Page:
Fluency: What It Is and Why It’s Important

Fluency: What It Is and Why It's Important  |  Red Apple ReadingFluency can be broken down into 3 components: the ability to read a passage accurately (without having to stop and decode individual words), at a reasonable pace (not too fast or too slow), and with proper expression (paying attention to punctuation). Let’s explore the different facets of fluency and how you can help your child master each one. For convenience, we’ve listed individual interventions under each component, but you’ll quickly find that these activities are beneficial for all aspects of fluency!

Accuracy
It’s imperative for children to read accurately if they are going to have any real sense of what a passage is about.

  • Review Unfamiliar Words – You can help your child with this aspect of fluency by going over any new words with her before she reads the text. If she is reading a book about birds, for instance, you might introduce the word chickadee beforehand.
  • Repeated and Timed Readings – Another way you can help your little one improve her accuracy is with timed repeated readings. Simply set a timer for one minute. Let your kiddo read the same passage aloud to you several times, while keeping up with how many words she gets correct each time. Chances are you will see improvement with each reading!

Pace
Pace is another critical component of fluency. Reading should be performed at a reasonable rate.

  • Repeated and Timed Readings – Yep, the above timed reading activity will help your kid with pace as well! When children don’t have to stop and decode individual words, their pace naturally improves.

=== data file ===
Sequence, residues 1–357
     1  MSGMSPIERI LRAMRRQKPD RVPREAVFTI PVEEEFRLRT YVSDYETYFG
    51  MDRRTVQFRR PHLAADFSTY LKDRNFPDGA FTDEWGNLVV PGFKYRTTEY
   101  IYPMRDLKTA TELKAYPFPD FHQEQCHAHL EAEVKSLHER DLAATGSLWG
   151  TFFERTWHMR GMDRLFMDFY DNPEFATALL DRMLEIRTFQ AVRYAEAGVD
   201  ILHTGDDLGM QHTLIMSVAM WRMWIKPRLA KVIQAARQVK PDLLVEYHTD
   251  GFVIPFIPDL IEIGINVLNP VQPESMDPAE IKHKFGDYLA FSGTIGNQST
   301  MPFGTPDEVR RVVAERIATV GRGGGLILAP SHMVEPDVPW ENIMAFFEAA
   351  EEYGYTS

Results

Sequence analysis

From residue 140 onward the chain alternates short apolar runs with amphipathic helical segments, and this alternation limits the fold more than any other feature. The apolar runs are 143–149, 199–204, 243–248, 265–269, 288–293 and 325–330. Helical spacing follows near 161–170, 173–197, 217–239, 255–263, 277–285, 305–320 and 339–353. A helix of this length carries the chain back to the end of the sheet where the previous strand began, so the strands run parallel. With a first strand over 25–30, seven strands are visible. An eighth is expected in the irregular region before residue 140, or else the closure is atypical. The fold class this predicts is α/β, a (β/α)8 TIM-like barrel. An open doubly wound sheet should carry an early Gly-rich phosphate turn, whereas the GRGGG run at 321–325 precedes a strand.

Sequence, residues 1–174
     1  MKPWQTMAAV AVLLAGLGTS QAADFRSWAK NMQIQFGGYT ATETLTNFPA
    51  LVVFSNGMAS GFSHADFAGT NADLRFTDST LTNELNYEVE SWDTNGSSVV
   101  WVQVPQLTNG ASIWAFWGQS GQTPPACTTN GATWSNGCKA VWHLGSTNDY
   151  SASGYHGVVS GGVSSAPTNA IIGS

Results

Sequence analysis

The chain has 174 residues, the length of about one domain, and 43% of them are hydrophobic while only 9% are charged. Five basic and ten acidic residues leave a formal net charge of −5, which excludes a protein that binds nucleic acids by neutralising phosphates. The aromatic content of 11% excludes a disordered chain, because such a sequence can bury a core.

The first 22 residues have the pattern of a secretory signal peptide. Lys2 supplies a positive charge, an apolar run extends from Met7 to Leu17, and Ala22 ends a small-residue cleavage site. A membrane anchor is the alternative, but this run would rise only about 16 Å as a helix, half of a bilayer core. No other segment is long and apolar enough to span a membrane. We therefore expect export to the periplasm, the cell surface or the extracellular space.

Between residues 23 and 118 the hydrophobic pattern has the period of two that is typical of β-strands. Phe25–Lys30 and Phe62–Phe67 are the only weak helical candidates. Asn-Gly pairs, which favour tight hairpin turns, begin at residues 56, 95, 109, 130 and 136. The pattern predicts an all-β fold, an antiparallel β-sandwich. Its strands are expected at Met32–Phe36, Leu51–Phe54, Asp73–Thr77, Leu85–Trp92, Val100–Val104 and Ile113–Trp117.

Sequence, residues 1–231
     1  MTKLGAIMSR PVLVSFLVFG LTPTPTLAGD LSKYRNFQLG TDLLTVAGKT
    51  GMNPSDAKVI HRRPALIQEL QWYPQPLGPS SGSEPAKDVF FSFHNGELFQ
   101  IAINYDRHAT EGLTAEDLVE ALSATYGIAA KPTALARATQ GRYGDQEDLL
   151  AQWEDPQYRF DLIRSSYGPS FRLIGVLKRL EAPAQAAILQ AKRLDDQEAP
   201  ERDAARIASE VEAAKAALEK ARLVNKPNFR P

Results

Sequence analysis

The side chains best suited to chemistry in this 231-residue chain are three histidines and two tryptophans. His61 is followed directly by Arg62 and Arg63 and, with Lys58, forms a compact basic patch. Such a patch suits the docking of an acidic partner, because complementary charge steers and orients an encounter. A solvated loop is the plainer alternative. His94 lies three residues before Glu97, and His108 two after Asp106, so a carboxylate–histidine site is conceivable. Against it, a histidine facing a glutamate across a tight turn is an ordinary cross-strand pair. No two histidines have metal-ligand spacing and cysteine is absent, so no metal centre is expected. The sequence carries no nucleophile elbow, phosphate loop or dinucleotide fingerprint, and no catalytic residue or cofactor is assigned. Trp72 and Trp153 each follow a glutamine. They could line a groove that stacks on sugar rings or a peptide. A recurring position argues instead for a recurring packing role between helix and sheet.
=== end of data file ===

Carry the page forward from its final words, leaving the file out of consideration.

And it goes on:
• Record – One way you can assist your child with pace is by allowing her to record herself reading aloud (you’ll notice all these interventions involve reading aloud – it’s important!). Many times children don’t realize how slowly or quickly they are reading. When they go back and listen to themselves, they will get a better idea of whether they need to slow down or speed up.

Expression
Reading with expression involves paying attention to punctuation and the mood of the story. Reading with feeling makes the text more enjoyable and aids in comprehension.

  • Model by Reading Aloud – One of the ways kids learn to read with expression is by hearing someone else read with expression. This is one of a thousand reasons why parents should read aloud to their children. When we read a story to our kids they pick up on the nuances of our speech patterns and learn how expressive reading sounds.
  • Echo Reading – This intervention builds on the previous one. You will read a sentence or passage aloud using appropriate expression, then your kid will “echo read” the same passage (trying his best to sound like you).

As your child’s fluency improves she can begin reading more advanced texts and choosing titles that interest her rather than simple, decodable books. This will lead to a greater love of reading! Visit our Finding Fluency Pinterest board for more ideas on developing fluency.

Fostering Fluency

Finding FluencyLearning to read fluently is another key element in the reading process. In order for your kiddo to truly comprehend and enjoy what he’s reading, he needs to acquire fluency—the ability to read words and sentences accurately, at a reasonably quick pace, without the need to stop and decode individual words. Your child’s comprehension and enjoyment of a story will increase once she achieves reading fluency.

Perhaps the most important way children develop an understanding of fluency is by hearing text read to them. Reading to your child regularly provides a good model of how fluent reading sounds.

 

Here are some ways Red Apple Reading recommends to model fluent reading for your child:

  • Read out loud rapidly (but not too rapidly!).  If a child reads a sentence too slowly, he will not be able to synthesize meaning within “working memory.” On the flip side, if a child reads too fast, he may skip over words or miss important grammar cues within the text. Modeling an appropriate reading pace is a key piece to fostering fluency!
  • Pay attention to punctuation.  Point out how your voice changes and how you pause when you read. Emphasize words when a character in a book is shouting, or phrase a sentence like a spoken question when it ends in a question mark. This provides good modeling for children, demonstrating the importance of paying attention to punctuation and to the “flow” of a story. Scholastic recommends reading Yo! Yes? with your kiddo. This story is designed to provide plenty of punctuation reading practice!